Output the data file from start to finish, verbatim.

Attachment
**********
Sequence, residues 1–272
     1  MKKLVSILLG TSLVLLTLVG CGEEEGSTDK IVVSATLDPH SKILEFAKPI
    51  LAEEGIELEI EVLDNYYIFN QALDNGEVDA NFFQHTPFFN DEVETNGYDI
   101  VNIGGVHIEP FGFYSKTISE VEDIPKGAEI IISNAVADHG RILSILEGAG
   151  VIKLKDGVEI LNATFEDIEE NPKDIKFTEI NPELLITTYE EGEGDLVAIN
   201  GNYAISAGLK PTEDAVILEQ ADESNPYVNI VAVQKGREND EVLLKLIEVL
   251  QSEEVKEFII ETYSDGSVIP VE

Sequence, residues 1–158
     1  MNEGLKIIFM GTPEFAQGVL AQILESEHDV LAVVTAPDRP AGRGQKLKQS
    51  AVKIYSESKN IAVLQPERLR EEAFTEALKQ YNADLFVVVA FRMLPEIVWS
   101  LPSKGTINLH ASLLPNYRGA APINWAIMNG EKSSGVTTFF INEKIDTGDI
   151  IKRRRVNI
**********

Sequence, residues 1–272
     1  MKKLVSILLG TSLVLLTLVG CGEEEGSTDK IVVSATLDPH SKILEFAKPI
    51  LAEEGIELEI EVLDNYYIFN QALDNGEVDA NFFQHTPFFN DEVETNGYDI
   101  VNIGGVHIEP FGFYSKTISE VEDIPKGAEI IISNAVADHG RILSILEGAG
   151  VIKLKDGVEI LNATFEDIEE NPKDIKFTEI NPELLITTYE EGEGDLVAIN
   201  GNYAISAGLK PTEDAVILEQ ADESNPYVNI VAVQKGREND EVLLKLIEVL
   251  QSEEVKEFII ETYSDGSVIP VE

Sequence, residues 1–158
     1  MNEGLKIIFM GTPEFAQGVL AQILESEHDV LAVVTAPDRP AGRGQKLKQS
    51  AVKIYSESKN IAVLQPERLR EEAFTEALKQ YNADLFVVVA FRMLPEIVWS
   101  LPSKGTINLH ASLLPNYRGA APINWAIMNG EKSSGVTTFF INEKIDTGDI
   151  IKRRRVNI